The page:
Defense Objects, but Laptop Felony Case Going to Trial

By Roni Ayalon and Brinda Kalita 

WOODLAND, CA – Despite doubts raised by the defense at a preliminary here this week in Yolo County Superior Court, a man’s case will still go to trial—at least the judge allowed the unemployed man to be free without bail before the trial.

The accused is charged with receiving stolen property and for appropriating stolen property, both of which are felonies.

The hearing started with a string of witness testimonies, many of which were from different police officers who had arrested the accused and had retrieved and analyzed the stolen items in the accused’s possession, which included a checkbook, a laptop, and a stolen backpack. 

Officers stated the accused received the laptop from a friend, and it was given to him so that he would be able to sell it and pay off a debt. The testimonies also showed that the accused believed the laptops were “not hot,” or not stolen. 

Additionally, the officers revealed the accused told them that the accused was not the one who stole the backpack and its contents. Rather, it was his friend who stole the items, whom the accused did not know very well. 

The stolen checkbook, on the other hand, was actually found by the accused in public Yolo County Housing, and the accused had actually called the local police departments so that he could return it to the owner, testified the officers.

The officers added when they confiscated the stolen laptop, they scanned the laptop’s serial number, which is a number that can determine the owner of the laptop and whether it was stolen or not. However, they were not able to track the number to any person. In fact, when they scanned the number, they found that the laptop did not even come up as stolen property. 

Additionally, the defense argued through cross-examination the laptop couldn’t be identified in connection to its owner without two passcodes being entered so there is no way the accused could have known that the laptop was stolen and did in fact belong to someone else.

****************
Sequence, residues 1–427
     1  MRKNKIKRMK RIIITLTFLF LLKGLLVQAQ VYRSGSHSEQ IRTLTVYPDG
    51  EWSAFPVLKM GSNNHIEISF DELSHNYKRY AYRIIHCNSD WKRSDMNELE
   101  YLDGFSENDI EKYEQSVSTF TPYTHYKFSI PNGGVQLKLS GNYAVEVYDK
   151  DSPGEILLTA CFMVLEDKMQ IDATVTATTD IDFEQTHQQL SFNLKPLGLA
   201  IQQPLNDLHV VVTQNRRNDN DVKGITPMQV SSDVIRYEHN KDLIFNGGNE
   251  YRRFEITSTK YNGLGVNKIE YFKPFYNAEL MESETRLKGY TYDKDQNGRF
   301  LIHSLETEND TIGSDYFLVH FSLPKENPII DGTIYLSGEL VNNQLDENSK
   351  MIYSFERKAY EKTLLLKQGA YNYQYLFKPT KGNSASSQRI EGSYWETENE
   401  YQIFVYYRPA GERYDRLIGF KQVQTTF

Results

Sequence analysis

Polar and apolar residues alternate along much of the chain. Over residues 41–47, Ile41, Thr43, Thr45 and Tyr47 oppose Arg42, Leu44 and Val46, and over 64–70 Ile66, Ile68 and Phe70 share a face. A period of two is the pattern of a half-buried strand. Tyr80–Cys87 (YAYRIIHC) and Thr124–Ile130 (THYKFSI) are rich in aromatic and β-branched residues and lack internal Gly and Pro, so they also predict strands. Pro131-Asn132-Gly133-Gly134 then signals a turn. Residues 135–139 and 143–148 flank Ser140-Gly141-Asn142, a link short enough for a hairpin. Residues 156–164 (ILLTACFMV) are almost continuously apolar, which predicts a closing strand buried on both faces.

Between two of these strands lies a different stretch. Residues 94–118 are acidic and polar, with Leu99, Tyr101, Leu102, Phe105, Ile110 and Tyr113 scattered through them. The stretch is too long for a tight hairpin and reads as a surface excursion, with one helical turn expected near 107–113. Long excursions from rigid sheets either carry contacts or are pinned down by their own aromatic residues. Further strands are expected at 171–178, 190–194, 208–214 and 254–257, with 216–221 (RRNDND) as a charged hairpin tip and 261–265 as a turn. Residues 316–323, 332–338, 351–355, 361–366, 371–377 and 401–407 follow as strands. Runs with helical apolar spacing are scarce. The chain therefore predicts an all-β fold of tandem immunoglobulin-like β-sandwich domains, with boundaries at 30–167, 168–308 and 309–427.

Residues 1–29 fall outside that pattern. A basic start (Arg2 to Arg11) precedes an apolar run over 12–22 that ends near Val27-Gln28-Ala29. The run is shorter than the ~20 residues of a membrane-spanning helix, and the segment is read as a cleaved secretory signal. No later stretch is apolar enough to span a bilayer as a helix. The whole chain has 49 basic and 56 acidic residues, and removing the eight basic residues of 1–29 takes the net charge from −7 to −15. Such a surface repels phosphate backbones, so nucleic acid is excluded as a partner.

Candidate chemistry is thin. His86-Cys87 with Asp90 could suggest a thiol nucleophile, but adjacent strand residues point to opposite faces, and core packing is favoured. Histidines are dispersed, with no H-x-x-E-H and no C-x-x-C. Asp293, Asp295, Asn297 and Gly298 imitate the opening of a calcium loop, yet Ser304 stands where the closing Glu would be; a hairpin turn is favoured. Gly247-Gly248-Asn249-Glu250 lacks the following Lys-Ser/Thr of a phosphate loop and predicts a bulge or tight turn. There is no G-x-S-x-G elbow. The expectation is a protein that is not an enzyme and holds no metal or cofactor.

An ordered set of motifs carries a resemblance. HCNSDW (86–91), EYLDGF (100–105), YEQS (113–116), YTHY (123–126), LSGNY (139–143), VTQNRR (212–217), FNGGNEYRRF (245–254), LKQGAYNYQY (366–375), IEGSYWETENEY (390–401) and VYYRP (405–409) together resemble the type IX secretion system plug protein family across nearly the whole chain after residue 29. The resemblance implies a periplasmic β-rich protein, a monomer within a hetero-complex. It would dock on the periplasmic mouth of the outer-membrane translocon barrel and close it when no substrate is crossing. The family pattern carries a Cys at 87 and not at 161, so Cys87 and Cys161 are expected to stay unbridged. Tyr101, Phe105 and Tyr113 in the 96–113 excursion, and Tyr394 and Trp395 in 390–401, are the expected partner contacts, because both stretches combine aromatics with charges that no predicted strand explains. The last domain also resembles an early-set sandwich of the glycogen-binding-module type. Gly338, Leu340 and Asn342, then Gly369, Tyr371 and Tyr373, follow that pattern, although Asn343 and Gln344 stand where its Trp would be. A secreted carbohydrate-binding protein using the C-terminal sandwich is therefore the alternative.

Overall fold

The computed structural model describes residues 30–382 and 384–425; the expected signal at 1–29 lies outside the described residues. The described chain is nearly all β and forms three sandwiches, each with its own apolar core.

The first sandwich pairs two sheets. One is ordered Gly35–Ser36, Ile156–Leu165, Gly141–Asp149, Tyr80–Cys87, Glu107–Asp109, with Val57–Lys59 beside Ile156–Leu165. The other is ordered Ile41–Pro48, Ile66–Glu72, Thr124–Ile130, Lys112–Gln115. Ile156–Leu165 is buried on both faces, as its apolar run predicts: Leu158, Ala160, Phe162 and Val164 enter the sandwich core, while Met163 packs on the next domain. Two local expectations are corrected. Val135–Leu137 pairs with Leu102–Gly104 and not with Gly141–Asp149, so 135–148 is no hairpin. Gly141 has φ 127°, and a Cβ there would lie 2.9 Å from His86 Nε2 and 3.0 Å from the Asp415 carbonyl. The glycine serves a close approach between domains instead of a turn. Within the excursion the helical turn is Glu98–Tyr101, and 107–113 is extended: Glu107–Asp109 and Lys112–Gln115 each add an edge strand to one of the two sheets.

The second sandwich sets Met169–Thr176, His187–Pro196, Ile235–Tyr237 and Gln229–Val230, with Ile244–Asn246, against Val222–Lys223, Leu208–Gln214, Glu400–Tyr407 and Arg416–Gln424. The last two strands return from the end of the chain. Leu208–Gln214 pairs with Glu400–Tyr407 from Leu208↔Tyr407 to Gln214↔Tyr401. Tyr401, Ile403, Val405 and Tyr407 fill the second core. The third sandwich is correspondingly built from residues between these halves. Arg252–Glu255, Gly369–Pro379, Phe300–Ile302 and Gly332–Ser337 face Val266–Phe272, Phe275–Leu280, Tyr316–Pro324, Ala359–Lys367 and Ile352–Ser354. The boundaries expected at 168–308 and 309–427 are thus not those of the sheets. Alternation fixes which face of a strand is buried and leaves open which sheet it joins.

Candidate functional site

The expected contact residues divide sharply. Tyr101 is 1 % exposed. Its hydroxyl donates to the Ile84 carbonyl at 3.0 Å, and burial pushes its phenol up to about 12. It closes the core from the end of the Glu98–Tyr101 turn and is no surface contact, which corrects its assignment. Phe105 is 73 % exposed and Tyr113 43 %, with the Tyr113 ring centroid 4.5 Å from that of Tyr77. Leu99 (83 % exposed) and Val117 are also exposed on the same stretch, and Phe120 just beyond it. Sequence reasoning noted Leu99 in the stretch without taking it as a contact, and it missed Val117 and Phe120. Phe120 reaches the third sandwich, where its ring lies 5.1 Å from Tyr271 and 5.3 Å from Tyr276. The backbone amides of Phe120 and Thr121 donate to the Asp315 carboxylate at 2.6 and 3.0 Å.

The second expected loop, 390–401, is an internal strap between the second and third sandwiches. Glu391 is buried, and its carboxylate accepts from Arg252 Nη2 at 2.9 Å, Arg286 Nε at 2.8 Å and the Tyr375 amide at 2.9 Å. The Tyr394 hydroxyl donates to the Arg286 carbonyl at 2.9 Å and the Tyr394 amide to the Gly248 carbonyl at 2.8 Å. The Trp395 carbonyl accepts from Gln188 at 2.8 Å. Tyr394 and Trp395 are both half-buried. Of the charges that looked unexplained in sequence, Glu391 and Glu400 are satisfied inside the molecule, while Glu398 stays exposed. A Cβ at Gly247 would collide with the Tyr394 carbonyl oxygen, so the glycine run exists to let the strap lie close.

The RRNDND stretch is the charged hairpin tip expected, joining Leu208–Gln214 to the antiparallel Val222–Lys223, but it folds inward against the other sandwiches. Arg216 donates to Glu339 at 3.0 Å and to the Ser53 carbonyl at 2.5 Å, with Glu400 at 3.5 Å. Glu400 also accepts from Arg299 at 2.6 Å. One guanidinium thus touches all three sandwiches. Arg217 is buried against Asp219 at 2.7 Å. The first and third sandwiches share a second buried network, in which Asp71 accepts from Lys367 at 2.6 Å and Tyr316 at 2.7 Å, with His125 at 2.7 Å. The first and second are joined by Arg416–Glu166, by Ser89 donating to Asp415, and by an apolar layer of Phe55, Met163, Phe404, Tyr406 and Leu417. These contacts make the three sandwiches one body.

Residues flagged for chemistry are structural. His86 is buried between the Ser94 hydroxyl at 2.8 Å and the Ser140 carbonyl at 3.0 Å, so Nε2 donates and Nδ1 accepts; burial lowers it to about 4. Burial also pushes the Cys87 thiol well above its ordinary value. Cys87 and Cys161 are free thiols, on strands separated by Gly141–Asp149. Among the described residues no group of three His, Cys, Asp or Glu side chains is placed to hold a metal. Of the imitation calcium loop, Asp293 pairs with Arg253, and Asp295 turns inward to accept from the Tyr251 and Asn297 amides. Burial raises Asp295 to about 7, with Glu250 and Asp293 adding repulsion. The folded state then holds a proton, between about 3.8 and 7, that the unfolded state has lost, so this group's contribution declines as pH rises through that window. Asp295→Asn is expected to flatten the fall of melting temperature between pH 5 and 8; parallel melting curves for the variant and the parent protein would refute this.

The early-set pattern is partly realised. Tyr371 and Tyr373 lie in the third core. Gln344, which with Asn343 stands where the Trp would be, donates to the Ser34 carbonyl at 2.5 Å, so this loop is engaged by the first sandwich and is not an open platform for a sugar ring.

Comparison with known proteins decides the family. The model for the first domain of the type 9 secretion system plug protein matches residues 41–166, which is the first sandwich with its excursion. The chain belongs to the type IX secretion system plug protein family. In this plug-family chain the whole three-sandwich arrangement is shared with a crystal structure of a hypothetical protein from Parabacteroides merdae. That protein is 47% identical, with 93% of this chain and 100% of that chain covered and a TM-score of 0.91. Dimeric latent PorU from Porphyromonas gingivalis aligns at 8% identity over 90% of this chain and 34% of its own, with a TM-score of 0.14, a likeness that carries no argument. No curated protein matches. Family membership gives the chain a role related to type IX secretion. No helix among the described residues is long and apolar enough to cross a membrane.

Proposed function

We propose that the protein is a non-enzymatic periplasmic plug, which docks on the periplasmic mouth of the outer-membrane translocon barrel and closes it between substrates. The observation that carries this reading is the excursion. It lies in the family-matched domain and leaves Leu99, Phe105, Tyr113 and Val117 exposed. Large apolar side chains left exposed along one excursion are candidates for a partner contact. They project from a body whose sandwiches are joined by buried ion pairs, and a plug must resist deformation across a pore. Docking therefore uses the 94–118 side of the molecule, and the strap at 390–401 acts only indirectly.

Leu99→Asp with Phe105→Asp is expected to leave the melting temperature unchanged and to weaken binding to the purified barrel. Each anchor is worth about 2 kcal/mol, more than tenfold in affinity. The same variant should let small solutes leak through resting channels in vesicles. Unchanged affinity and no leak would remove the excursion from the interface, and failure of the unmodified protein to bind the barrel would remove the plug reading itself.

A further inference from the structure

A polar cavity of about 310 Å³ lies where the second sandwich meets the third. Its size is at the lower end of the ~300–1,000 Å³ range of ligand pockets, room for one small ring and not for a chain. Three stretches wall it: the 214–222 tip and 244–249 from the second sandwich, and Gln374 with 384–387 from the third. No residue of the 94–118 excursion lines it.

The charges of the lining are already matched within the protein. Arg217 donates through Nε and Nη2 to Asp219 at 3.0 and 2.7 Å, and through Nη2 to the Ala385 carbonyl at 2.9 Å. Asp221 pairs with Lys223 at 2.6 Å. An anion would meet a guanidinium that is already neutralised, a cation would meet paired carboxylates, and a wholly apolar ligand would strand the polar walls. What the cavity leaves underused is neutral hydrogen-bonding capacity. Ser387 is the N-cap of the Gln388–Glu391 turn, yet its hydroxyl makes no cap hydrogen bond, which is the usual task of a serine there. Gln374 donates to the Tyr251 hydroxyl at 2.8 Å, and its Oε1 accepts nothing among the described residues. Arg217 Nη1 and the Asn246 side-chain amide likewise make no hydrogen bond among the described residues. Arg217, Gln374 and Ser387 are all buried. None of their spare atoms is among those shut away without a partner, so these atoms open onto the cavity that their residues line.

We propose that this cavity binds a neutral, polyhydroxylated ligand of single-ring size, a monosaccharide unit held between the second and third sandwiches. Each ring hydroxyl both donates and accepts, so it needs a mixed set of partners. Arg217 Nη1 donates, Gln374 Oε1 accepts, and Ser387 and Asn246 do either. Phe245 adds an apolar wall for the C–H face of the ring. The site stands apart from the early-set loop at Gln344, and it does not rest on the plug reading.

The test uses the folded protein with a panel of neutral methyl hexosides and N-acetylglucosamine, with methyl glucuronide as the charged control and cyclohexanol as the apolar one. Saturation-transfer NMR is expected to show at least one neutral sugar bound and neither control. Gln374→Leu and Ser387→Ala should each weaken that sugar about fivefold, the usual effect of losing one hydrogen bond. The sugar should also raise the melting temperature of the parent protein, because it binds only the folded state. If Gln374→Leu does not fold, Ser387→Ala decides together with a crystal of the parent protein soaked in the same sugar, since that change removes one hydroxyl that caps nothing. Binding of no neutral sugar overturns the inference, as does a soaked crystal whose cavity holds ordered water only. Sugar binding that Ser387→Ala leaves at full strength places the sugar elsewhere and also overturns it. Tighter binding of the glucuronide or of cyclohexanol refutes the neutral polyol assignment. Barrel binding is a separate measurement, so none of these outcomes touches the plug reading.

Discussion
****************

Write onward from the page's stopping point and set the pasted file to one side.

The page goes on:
In closing arguments, Deputy Public Defender Katie Ann De Anda highlighted how the actions of the accused do not fit the legal definitions for the crimes of appropriating and stealing stolen property and argued these charges against the accused should be dropped entirely. 

She explained how appropriation of lost property is a crime for those who do not make a reasonable attempt to find the owner.

However, in this case, the defense said the accused had “no knowledge of who [the property] belonged to and how to return it, no identifiable information, even when [the laptop was] opened. Nothing could be done until two passwords were entered… The serial number showed it wasn’t stolen.” 

On the other hand, Deputy District Attorney Sherri L. Bridgeforth argued because the accused had access to the checkbook and the laptop of the victim, he could have put two and two together and contacted the victim.

She also cast doubt over the accused’s story, pointing out how the “defendant first denied ownership of the backpack and its contents, [and said he] didn’t know the contents of the backpack, [but then] claimed ownership [of the backpack] and established the sale of the backpack contents.” 

Judge Tom Dyer concluded that there was enough evidence for the case to go to trial. 

Before concluding the preliminary hearing, PD De Anda requested if the accused could be released on supervised OR instead of being held in custody, as he has housing in Yolo County and would be unable to pay the bail since he is currently unemployed.  

Additionally, she said this was not a public safety offense and that other than a misdemeanor charge in 2003, the accused did not have any criminal history. 

DDA Bridgeforth on the other hand, emphasized how “the victim would feel unsafe if the accused was released on supervised OR, as they live in close proximity to each other.”

However, PD De Anda pointed out that the victim lived in Vacaville, and that only the victim’s mailing address was in close proximity to the accused’s place of residence.

Judge Dyer sided with the defense, and released the accused on supervised OR with GPS tracking before his trial date. However, the accused is not allowed to return to the location of the victim’s mailing address. 

The trial for this case is March 22.

About The Author

Brinda is a student at UC Riverside, pursuing a degree in History with a Law and Society emphasis. She plans to attend law school after receiving her bachelors.

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